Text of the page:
Also, consider that you likely have personas within your personas—and segmenting your email list accordingly can help you further customize your message.
For instance, consider a small family-owned jewelry store that sells luxury brand stones. Say the persona they target is an unmarried middle-aged woman with no children making over $250,000 annually. She owns her home and drives a luxury-brand vehicle.
But despite this persona, it’s likely that the small family-owned jewelry store has sold to other customers, too. Consider that a number of patrons have been married, wealthy, middle-aged men purchasing gifts for their wives.
The message being sent to these two personas will be vastly different. Oftentimes, businesses ignore this, sending the same blanket message to everyone thus causing their email list engagement to decline.
Also, consider that everyone from your elderly neighbor to your favorite cousin makes purchase decisions based on their emotions. Tailoring your email to those emotions—from subject line to body copy to graphics—can help determine whether or not they’ll engage with it and your business.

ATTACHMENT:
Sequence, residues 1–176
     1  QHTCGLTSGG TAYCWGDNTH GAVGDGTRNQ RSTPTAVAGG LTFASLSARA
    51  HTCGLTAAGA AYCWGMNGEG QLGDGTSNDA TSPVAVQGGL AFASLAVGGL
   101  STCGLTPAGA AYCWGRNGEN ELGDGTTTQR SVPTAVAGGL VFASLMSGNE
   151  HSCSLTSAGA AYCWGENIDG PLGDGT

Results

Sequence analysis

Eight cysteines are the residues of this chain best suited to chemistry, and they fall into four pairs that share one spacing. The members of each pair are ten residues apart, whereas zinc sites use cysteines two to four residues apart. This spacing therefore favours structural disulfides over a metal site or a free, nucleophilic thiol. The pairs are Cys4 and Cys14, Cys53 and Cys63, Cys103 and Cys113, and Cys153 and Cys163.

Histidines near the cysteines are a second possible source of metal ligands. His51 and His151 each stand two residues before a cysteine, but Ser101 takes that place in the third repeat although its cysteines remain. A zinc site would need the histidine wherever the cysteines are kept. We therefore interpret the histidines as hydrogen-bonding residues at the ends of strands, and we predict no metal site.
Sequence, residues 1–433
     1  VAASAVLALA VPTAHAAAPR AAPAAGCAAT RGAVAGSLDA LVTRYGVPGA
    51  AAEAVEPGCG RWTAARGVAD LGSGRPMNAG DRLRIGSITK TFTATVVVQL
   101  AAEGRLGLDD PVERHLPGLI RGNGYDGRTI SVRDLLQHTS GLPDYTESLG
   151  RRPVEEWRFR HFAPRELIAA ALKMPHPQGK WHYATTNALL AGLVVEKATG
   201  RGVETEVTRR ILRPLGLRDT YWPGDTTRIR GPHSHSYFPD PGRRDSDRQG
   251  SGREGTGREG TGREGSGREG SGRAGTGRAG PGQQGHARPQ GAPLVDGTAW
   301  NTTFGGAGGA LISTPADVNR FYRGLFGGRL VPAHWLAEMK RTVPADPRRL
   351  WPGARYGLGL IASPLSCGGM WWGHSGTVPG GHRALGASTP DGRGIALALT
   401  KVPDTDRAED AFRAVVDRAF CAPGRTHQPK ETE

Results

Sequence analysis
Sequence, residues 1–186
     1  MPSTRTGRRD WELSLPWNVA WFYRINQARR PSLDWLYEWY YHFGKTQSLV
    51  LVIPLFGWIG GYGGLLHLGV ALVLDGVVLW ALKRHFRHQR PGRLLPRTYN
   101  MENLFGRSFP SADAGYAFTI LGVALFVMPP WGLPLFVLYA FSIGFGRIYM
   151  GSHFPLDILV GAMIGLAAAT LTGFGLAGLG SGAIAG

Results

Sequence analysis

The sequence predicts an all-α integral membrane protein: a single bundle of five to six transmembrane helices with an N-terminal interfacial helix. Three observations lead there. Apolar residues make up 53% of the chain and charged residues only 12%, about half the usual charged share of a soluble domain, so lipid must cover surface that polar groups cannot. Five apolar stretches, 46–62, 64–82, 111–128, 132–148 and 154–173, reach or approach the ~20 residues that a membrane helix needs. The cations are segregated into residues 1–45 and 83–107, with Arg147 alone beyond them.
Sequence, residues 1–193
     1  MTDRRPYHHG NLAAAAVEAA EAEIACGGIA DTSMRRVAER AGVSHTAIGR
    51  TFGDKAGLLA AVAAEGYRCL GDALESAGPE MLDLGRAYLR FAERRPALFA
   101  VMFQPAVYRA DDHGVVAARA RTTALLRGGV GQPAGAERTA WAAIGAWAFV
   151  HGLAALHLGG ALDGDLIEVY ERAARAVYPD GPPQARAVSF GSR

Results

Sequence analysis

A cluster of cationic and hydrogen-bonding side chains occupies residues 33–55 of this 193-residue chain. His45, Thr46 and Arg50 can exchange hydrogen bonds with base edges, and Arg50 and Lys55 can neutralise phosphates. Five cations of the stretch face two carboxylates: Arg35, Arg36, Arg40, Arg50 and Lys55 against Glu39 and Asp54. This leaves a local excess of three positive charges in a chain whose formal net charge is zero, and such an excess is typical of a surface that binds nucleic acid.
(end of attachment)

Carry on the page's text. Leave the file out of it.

You may have had the best of intentions in starting your email list. But sporadic and rare communication has caused many a list fall flat, leaving their owners wondering where all the engagement has gone.
When people sign up for your email list, it’s because they want to hear from you—the best version of you. And they want to hear from you regularly. So, it’s not a problem to send out non-boring email communication once, twice, or over three times a week. It all depends on what your customer likes. You know your customer best!
You should, however, make it a habit to send the same number and types of communications consistently week after week. This way your leads know when to expect to hear from you and may even be waiting for your email to arrive in their inbox, thus increasing email engagement.
At Data Axle™ USA we’re here to help you with a variety of email solutions. From building your own email list with a list of emails purchased from our U.S. Business or U.S. Consumer databases to creating unique marketing campaigns, to deploying them and tracking their success, a helpful marketing partner is ready to assist you.